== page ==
From NY to Florida: Heymann (12) plays piano for the nation


Emily Shi , Staff Writer

The poetic and melodious flow emitted from Jasper Heymman’s (12) piano performance for the National Public Radio (NPR) captivated both a live audience of 350 people and many others people listening at home nationwide. As a part of the organization’s “From The Top” classical music program featuring young musicians, Heymann performed a solo piece of “Transcendental Étude in F minor, “Appassionata” S. 139 No. 10” by Franz Liszt and a duet of “Dizzy Fingers” by Edward Elzear “Zez” Confrey with Co-Host and Alumni Pianist – who appeared on the show in April 2007 – Peter Dugan.

Four years ago, after being encouraged to apply to the program by his parents and friends who had previously done it, Heymann did not anticipate hearing back, he said. As a result, when he received an invitation last fall to travel to Key West, Florida and perform this January, his initial reaction was shock, confounded by the fact that he had even forgotten he applied, he said.

After Dugan and Elena Urioste, another co-host and violinist, introduced him, Heymann presented the title of the piece and immediately delved into a dynamic flow. Throughout his performance, the melody escalated into him playing faster and higher notes with a powerful tone throughout.

Dugan characterized the performance as “rhapsodic” and announced his praises to the audience after it concluded: “It roared, it thundered, it had such an incredibly dynamic range,” he said. “We are all just still recovering from what that performance was. Bravo.”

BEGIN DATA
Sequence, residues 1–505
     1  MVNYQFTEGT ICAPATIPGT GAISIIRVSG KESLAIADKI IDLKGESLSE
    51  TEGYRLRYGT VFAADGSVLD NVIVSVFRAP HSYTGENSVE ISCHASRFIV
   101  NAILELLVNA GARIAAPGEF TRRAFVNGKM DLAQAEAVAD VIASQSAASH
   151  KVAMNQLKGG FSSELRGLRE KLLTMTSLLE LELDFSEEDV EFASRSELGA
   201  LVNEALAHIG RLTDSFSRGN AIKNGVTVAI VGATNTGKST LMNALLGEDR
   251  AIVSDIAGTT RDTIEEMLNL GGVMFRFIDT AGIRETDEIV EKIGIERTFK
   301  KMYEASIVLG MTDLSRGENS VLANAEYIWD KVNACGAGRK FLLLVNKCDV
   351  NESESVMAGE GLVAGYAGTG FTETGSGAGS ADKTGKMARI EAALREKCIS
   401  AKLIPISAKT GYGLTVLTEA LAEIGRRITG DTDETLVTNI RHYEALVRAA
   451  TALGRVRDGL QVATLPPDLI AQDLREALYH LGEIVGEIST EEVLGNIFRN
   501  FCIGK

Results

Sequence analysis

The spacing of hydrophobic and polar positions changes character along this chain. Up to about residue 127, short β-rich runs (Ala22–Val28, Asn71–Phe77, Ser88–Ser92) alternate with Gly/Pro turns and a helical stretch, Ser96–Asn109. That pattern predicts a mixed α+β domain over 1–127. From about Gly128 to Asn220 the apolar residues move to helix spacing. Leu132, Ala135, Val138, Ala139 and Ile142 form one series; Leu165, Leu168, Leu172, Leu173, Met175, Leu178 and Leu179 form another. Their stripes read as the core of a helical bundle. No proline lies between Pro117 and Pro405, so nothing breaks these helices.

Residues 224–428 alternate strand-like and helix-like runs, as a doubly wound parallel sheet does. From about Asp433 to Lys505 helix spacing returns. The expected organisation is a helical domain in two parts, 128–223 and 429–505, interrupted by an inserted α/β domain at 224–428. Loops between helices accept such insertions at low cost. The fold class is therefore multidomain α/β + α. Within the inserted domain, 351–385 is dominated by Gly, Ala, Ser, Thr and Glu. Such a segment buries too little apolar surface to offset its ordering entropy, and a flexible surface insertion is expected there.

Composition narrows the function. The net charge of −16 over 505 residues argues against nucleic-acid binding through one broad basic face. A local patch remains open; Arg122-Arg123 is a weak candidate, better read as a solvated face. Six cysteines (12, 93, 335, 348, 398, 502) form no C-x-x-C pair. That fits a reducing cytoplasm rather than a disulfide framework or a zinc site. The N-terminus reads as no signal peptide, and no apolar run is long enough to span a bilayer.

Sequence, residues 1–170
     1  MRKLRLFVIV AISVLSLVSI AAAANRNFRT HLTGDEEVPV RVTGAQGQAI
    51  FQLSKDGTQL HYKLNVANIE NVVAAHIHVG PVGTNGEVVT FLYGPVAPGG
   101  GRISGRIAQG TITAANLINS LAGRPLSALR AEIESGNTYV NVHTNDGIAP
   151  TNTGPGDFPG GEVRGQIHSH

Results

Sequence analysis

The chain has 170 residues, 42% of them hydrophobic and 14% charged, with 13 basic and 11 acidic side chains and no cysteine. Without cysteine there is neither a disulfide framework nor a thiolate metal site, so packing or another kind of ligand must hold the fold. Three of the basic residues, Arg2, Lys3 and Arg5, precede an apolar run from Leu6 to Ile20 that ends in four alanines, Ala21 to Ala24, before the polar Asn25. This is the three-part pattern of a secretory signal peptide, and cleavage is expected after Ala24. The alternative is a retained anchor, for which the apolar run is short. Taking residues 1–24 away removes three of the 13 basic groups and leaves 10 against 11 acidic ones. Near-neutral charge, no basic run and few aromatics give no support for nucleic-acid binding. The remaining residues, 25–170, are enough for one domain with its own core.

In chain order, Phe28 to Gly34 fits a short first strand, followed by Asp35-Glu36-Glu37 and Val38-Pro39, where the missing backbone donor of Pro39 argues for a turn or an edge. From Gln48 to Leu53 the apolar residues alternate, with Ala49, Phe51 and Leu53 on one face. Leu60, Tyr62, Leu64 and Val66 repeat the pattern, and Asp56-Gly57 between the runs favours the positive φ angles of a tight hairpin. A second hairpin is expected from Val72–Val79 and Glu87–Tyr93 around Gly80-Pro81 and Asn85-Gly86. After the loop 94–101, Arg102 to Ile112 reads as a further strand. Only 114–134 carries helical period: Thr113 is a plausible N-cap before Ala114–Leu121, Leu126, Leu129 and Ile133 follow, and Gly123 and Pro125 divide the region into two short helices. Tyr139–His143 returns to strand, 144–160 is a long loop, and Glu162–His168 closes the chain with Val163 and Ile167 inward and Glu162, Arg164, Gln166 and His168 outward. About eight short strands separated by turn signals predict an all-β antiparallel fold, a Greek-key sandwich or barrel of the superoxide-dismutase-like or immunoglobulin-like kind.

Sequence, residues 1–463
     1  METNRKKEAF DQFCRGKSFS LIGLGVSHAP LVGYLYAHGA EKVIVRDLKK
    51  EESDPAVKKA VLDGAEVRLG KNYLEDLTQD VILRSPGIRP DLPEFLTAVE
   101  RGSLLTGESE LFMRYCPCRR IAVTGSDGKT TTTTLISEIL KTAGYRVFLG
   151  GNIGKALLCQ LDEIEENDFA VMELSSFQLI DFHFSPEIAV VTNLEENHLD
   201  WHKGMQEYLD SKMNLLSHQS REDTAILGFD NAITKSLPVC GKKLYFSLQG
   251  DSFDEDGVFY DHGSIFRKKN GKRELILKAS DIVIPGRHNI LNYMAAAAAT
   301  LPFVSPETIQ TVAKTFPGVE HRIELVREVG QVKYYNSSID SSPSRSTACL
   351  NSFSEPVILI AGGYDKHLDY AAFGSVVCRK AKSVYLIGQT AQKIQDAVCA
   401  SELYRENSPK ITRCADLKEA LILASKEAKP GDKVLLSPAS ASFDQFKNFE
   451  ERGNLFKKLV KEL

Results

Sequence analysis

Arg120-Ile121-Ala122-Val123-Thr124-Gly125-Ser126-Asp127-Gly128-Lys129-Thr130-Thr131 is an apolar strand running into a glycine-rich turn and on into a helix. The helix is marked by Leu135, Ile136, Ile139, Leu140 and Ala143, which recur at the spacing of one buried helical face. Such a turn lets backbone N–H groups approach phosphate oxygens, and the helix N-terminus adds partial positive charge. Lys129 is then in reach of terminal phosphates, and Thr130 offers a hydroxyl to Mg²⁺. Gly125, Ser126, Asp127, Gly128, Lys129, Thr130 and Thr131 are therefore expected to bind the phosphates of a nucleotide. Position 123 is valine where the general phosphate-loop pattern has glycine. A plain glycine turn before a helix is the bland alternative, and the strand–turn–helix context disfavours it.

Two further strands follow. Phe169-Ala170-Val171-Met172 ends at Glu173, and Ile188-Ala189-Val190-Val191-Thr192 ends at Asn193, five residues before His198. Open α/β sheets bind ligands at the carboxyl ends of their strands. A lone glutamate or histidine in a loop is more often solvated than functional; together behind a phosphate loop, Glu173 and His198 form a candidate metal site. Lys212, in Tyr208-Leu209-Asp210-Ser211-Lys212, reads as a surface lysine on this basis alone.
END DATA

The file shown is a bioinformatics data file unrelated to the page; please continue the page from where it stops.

In his second performance with Dugan of “Dizzy Fingers,” Heymann displayed his versatility as an artist in multiple genres by offering a playful and lighthearted rhythm.

Besides versatility of various genres of music, Heymann has also played many other types of percussion, such as timpani, mallet percussion, and drums. “He’s done pretty much everything percussion related,” Music Teacher and Director Michael Bomwell said. “I think I’ve seen him become more comfortable in different musical settings and more at ease with just any kind of situation that he finds himself in playing-wise.”

Heymann has performed at numerous concerts and festivals throughout his music career – including the school’s “Concerts in Motion” show, Wind Ensemble performances as a principal percussionist, and a two-week tour abroad in England with the Leeds Piano Festival.

Still, this experience was unlike any other, he said. “There was a really scary thought that, ‘Oh god, almost everything I do and say will be heard by half a million people around the country,’ but even though there are tons of microphones on stage, you forget when you’re up there because it’s actually a really casual experience.”

Heymann said that the interview that followed his first performance allowed him to relax and interact with the audience. “It broke a barrier between the performer and the audience that usually is so prevalent from concerts…the fact that the entire show was recorded was completely drowned out by the fact that I could really engage with the people who are listening to.”